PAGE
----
The Far East

By Karen Parr-Moody

 

The Far East, or East Asia and Southeast Asia, is scattered with a thousand exotic vistas, from pagoda-studded hills to Buddhist shrines. Sprinkled throughout one’s décor, items with a touch of Asia can impart an exotic mood.

 

At GasLamp and GasLamp Too, a variety of Asian items speak to a range of decorating styles, from folksy to whimsical to elegant. The sculptures shown here, at right, are a lighthearted blend of folksy and whimsical ($32; B-150). They are hand-carved wooden musicians reminiscent of the marionettes used in Burma, Thailand and Indonesia for hundreds of years. This pair play their music while wearing tunics and headdresses, a traditional style of Asian dress.

 

In India, elephants are a national and spiritual treasure — and they can also be works of art. Those same creatures that once carried soldiers into battle now carry grooms to their weddings in splendid processions and participate in religious festivals. The carved wooden elephant, photo left, represents such an elephant ($55; B-150). Its decorations are based on those painted on elephants during Holi, the Hindu festival. Professional artists paint these great beasts in advance of the festival using special pigments.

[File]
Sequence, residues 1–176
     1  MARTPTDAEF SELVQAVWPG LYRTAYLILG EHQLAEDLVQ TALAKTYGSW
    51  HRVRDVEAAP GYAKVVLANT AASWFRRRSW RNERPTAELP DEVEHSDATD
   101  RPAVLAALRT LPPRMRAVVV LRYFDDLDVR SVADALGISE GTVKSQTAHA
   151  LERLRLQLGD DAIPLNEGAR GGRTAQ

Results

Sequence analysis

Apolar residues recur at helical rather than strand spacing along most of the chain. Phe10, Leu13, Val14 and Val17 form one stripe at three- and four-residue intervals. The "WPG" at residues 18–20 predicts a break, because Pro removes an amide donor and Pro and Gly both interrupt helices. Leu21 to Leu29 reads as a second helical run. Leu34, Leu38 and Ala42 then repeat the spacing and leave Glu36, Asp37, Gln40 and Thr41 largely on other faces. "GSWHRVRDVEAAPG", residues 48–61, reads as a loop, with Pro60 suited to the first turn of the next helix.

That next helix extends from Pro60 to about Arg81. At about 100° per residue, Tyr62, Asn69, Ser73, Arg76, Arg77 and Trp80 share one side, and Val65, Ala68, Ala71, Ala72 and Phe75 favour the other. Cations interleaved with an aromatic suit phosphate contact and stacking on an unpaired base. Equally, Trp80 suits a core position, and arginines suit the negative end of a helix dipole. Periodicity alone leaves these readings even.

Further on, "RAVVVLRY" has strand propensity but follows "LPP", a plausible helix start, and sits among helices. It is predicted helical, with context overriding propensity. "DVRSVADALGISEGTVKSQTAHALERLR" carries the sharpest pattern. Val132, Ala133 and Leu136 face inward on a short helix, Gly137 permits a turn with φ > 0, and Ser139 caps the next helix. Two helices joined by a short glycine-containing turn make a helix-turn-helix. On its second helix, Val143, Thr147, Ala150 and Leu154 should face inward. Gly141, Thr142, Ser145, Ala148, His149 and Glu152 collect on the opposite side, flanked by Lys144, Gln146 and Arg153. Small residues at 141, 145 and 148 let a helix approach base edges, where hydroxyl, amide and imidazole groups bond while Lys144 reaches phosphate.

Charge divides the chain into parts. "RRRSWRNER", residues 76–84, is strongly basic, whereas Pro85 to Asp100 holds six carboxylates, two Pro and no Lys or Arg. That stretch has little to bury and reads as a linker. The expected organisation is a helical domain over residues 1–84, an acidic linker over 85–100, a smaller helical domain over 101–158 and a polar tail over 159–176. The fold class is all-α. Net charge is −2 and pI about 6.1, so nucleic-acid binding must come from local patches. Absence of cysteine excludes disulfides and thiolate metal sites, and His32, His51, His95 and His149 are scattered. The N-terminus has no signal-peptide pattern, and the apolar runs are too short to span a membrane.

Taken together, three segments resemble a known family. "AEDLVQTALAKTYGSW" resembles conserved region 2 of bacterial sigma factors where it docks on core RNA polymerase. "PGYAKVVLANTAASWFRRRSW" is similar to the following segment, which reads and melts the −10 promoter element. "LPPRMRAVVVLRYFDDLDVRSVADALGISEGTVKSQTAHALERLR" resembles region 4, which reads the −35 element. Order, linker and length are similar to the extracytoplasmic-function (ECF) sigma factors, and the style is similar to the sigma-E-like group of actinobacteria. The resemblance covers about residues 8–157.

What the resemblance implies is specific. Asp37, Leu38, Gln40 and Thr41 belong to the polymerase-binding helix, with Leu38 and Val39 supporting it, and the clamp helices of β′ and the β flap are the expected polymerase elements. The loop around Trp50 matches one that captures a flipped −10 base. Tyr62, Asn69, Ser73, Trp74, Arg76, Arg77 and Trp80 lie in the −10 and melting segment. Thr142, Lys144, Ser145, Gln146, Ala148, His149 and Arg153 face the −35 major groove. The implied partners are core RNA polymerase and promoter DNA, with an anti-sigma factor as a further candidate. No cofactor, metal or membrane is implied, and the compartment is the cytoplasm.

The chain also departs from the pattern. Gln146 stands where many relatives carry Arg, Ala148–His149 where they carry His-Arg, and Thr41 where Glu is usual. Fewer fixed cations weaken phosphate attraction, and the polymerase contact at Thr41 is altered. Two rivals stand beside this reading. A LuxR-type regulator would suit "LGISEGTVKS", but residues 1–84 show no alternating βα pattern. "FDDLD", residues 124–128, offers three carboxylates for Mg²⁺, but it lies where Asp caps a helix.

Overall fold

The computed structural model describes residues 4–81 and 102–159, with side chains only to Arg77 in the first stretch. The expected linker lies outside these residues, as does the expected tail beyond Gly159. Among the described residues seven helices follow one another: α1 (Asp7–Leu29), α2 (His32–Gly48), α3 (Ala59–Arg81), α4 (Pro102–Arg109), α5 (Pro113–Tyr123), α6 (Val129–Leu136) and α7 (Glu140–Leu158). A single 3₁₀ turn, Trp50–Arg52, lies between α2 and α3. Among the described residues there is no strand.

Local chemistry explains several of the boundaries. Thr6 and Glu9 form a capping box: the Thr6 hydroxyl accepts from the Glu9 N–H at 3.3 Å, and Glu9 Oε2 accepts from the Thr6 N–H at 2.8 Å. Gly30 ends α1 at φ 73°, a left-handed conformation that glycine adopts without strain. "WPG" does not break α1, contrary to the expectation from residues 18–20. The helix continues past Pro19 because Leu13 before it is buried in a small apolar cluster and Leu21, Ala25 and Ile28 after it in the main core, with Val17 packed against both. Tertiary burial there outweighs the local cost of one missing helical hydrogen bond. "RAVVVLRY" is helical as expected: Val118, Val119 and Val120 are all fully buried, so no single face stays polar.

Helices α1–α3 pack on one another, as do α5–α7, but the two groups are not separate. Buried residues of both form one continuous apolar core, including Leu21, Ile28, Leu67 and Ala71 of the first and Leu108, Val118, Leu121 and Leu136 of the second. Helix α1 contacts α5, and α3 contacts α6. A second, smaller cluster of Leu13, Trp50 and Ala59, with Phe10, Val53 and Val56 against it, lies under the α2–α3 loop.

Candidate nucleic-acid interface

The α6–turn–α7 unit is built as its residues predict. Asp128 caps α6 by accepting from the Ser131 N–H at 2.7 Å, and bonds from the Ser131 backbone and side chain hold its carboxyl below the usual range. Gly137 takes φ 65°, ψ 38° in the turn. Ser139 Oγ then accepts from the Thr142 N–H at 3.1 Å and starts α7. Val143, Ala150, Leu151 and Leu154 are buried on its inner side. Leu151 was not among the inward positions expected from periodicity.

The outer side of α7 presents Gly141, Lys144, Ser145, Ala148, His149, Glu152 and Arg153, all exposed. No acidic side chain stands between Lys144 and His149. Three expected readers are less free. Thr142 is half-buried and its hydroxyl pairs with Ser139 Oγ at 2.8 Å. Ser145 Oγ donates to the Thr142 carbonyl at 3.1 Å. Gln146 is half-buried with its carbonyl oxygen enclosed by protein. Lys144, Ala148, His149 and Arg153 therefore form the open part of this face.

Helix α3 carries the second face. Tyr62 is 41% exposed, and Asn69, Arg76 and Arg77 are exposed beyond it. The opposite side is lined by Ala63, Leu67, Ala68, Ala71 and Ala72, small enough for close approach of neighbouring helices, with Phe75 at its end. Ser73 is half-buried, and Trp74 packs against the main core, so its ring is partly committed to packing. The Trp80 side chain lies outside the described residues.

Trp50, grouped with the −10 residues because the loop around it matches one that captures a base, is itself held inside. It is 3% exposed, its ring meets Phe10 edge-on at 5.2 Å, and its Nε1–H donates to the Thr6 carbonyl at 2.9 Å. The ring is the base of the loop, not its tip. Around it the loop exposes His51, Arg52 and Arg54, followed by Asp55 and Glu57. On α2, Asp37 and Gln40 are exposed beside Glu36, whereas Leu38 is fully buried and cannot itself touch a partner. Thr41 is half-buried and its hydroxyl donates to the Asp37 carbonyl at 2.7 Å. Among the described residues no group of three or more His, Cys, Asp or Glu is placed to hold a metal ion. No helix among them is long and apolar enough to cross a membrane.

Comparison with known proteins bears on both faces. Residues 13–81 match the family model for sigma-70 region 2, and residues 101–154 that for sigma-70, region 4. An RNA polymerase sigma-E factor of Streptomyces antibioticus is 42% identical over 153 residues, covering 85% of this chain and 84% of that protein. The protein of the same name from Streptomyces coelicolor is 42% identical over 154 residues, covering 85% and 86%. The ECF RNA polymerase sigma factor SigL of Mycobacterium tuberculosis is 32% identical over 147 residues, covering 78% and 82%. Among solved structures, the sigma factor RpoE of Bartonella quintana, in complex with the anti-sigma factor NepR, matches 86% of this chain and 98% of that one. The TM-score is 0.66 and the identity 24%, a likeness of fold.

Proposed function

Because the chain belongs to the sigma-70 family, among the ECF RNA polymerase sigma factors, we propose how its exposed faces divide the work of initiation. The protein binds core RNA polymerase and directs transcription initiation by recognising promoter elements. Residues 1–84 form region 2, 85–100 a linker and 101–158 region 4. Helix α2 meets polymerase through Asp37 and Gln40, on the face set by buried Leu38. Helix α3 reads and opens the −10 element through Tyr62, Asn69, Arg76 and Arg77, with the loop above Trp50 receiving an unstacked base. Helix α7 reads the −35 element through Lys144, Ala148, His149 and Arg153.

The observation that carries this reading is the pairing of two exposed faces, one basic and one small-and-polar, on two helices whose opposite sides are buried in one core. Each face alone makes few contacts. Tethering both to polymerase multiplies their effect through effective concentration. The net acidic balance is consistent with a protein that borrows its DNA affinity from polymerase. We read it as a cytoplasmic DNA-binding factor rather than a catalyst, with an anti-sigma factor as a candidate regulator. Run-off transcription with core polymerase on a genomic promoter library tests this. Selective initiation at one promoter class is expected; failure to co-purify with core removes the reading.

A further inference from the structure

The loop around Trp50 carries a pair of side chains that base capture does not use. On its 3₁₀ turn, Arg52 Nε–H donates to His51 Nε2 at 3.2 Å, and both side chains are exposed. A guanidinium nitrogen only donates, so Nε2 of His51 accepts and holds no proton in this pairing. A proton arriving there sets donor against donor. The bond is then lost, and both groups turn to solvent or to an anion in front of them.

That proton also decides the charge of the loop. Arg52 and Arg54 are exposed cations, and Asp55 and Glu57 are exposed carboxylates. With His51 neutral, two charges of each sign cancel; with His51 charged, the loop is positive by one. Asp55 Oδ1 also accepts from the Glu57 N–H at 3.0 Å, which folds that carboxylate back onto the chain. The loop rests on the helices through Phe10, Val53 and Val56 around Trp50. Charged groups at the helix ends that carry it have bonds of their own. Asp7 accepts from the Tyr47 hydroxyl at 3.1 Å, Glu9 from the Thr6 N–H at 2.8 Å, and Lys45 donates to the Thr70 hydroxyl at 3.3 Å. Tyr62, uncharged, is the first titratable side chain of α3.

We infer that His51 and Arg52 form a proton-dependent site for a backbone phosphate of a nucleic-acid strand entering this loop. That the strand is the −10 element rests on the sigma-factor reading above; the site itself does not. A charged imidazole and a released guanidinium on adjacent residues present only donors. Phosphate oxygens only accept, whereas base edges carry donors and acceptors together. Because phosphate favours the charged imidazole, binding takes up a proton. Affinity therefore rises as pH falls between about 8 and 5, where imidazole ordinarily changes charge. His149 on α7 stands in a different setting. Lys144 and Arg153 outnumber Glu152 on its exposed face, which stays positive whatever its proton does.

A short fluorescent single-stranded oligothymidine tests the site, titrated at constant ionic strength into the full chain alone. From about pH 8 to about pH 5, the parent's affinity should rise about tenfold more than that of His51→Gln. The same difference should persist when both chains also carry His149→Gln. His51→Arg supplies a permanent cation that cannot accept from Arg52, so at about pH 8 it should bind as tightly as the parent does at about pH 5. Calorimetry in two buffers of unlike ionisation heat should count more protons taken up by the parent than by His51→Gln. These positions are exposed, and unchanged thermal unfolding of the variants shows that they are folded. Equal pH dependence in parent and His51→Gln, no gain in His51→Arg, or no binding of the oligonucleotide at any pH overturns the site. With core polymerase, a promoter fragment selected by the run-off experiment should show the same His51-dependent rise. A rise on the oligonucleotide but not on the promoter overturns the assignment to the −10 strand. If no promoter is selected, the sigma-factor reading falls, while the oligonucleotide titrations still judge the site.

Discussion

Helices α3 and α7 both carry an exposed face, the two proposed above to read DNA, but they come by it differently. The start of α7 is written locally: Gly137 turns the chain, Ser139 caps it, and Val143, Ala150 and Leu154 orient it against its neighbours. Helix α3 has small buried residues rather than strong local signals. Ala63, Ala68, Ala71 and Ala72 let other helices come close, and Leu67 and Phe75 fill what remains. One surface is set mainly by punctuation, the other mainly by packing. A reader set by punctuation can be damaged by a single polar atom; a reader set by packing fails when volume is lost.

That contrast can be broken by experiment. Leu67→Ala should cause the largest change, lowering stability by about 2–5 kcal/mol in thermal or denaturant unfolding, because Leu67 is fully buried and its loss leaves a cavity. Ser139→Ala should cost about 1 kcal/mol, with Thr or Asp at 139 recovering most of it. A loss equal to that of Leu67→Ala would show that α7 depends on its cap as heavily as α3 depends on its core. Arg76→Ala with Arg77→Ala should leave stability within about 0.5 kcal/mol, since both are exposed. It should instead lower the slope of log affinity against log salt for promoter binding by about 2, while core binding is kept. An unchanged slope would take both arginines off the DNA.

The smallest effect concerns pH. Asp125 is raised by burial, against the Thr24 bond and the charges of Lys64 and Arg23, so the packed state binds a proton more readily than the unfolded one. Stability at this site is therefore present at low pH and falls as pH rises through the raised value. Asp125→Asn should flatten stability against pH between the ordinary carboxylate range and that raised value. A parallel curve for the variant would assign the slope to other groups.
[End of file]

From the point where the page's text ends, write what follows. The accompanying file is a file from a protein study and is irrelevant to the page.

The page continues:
I adore the Asian figurines of the '30s, '40s and '50s, with their splashy color schemes and pared-down design like these fellows in their sedge hats (photo, below right; $16; Booth B-313). They possess an inimitable Mid-century Modern appeal. Clearly, they are not representational. But that is what makes me love them. It's kind of like when Jennifer Jones, in the 1955 film "Love is a Many Splendored Thing,” was supposed to be Dr. Han Suyin, a Eurasian woman. Did anyone ever look less Chinese or more beautiful in a cheongsam than her?  

 

One of my first vintage purchases was that of a Ningyo doll I found at a flea market in New York City. She was a graceful geisha from the 1940s, but fans of the Ningyo craft know these dolls can represent many characters, including the exquisitely made samurai in the photo at left ($325; Booth B-225; comes in a glass case, not shown here).

 

In Japanese, the word Ningyo translates to “human shape.” Ningyo dolls were once believed to possess the power to keep bad spirits at bay, a notion that dates back to the 11th-century Heian Period, when there was a custom called hina-nagashi, or “doll floating.” With this, dolls were sent down a river to the sea by boat and were thought to take away troubles or bad spirits with them.

 

If one wants to grace a room with a true spirit of Asian elegance, one need simply look to these lovely statuettes ($75 for the pair; Booth B-310). Dressed in the historic clothing of an emperor and empress, they certainly have a royal air about them.

 

When decorating with Asian finds, one does not have to create a “themed” room. The idea is to put a piece here or there, or to create a vignette of beautiful pieces. That way, one creates an eclectic look that has some real Asian flair, because there are few styles that pack such a punch. 

 

Print this page